By this time last year, “Boyhood” had already premiered at the Sundance Film Festival, and the word was out: Richard Linklater‘s twelve-years-in-the-making coming-of-age movie wasn’t just an experimental lark, but a cinema experience. Even though it universally won over critics at Sundance, no one could have predicted what would happen across the next twelve months. The nearly-three-hour indie movie earned over $40 million at the box office, became one of the most talked-about pictures of the year, and is now up for six Oscars in all the major categories including Best Picture, Best Director, Best Actor, Best Supporting Actress, Best Screenplay and Best Editing. So, how did it all come together?
Today, we have an exclusive 14-minute featurette showcasing a conversation between Ira Glass, with Richard Linklater and “Boyhood” lead Ellar Coltrane. Taking place last fall at the SVA Theater in New York City, the talk goes into the making of the movie, developing the narrative arc, and much more. For fans of “Boyhood,” this provides some lively insight into how this grand experiment cohered into the acclaimed film.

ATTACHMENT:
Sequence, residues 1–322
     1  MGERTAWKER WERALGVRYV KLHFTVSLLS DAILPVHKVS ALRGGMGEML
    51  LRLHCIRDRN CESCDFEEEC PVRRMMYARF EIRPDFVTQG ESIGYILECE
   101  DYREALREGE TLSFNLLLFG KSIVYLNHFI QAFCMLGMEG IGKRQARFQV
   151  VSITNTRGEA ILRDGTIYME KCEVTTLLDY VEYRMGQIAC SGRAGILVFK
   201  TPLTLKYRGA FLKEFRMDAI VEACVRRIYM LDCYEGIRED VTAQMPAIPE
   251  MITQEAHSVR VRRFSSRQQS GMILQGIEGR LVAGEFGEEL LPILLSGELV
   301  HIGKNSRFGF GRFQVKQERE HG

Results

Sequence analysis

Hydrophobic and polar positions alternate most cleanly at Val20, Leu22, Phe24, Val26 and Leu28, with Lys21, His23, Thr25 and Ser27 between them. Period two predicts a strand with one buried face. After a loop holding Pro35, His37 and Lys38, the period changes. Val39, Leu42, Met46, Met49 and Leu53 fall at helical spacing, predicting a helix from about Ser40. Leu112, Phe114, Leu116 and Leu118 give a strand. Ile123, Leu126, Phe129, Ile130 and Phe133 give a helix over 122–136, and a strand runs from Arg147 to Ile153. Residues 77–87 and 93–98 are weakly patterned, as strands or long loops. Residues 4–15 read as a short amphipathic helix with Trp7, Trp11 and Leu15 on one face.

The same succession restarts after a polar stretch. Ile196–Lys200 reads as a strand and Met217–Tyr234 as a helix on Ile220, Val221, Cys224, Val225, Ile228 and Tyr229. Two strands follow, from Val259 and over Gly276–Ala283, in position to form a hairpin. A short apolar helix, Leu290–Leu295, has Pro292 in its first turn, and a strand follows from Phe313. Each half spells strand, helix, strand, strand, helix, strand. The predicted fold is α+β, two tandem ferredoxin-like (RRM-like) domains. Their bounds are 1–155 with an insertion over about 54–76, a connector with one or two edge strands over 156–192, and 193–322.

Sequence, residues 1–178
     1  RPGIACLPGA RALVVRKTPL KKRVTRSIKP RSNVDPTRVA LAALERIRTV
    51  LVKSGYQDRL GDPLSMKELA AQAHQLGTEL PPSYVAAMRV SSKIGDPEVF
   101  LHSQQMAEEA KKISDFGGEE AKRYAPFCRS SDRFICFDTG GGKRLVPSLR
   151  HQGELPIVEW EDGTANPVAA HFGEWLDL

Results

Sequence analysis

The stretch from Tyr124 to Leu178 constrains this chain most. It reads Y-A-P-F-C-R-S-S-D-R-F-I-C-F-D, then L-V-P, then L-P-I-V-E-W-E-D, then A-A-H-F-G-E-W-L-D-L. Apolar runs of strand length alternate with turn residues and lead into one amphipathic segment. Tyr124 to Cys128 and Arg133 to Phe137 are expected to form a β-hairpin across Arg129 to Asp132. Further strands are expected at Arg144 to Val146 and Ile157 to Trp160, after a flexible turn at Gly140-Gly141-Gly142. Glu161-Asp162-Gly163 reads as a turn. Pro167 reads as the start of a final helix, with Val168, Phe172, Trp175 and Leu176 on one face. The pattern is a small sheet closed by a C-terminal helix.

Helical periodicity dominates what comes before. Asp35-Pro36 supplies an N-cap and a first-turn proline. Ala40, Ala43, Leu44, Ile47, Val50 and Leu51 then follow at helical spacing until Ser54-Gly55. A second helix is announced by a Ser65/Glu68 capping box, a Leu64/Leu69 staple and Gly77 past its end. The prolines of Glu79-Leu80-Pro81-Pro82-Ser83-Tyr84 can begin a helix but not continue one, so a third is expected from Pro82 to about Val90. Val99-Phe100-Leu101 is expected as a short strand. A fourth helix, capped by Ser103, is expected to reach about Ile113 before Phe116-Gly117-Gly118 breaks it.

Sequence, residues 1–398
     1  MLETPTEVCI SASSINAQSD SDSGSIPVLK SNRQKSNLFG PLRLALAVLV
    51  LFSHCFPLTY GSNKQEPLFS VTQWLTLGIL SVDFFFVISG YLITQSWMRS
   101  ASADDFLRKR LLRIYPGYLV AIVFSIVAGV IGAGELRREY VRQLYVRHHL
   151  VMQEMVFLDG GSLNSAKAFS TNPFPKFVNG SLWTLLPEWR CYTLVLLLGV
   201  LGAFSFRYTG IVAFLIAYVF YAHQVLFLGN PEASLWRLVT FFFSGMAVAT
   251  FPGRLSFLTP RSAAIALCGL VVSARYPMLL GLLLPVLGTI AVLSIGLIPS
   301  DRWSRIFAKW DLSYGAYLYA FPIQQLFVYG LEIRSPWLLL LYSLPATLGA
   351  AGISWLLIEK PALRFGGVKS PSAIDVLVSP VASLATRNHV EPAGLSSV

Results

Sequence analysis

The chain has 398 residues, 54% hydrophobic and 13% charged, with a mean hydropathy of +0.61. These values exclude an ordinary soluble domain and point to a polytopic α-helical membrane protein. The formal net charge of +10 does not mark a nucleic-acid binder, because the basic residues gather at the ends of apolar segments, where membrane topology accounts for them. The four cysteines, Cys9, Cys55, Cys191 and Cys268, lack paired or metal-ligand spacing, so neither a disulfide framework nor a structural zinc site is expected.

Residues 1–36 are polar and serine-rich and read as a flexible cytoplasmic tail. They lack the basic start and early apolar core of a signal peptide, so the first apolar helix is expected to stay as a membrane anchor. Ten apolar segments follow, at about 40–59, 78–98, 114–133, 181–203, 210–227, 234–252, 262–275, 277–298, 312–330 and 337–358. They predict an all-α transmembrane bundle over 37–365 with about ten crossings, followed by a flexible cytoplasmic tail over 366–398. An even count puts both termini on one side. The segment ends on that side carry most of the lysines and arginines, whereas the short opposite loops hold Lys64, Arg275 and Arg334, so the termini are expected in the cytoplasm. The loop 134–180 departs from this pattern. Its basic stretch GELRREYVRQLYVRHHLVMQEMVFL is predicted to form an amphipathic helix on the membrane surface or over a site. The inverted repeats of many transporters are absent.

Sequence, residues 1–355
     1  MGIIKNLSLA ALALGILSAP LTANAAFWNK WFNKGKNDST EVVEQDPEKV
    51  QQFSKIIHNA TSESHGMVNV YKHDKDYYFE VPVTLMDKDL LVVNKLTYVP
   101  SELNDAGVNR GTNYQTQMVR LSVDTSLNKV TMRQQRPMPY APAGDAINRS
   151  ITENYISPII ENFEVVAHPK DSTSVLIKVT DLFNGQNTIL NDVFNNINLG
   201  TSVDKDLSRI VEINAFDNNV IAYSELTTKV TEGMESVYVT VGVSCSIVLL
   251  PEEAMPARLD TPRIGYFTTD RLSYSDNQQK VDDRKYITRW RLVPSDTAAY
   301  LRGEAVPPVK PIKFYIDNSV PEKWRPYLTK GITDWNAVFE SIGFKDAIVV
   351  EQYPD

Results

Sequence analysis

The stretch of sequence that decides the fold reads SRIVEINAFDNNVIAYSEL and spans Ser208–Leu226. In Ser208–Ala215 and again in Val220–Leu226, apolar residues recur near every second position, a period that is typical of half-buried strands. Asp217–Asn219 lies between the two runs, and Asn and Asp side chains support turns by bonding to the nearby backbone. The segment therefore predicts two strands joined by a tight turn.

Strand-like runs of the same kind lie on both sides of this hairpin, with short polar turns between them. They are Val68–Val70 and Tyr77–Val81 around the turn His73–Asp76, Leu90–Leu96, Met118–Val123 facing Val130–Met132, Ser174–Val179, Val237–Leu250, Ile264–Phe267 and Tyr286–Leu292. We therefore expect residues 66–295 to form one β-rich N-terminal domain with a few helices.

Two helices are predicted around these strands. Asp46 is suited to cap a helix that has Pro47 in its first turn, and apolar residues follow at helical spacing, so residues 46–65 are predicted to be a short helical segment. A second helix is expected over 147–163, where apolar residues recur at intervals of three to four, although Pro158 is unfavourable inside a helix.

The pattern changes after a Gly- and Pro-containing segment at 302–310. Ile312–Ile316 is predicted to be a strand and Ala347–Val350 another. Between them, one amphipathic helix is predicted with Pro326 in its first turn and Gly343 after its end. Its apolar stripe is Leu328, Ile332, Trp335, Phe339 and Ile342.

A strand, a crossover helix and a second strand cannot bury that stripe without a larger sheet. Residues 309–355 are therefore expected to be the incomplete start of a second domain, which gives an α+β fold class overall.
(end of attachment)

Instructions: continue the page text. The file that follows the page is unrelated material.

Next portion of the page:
“I think fundamentally what I love about movies is the parallel reality of them. They’re a more selected, more attuned and more neatly edited version of life itself. It’s improved life,” Linklater says in the book “What I Love About Movies.” Though in “Boyhood” he didn’t necessarily improve life, he put it up on the big screen in a way that’s never been done before.
Watch the talk below. “Boyhood” is now on digital and home video.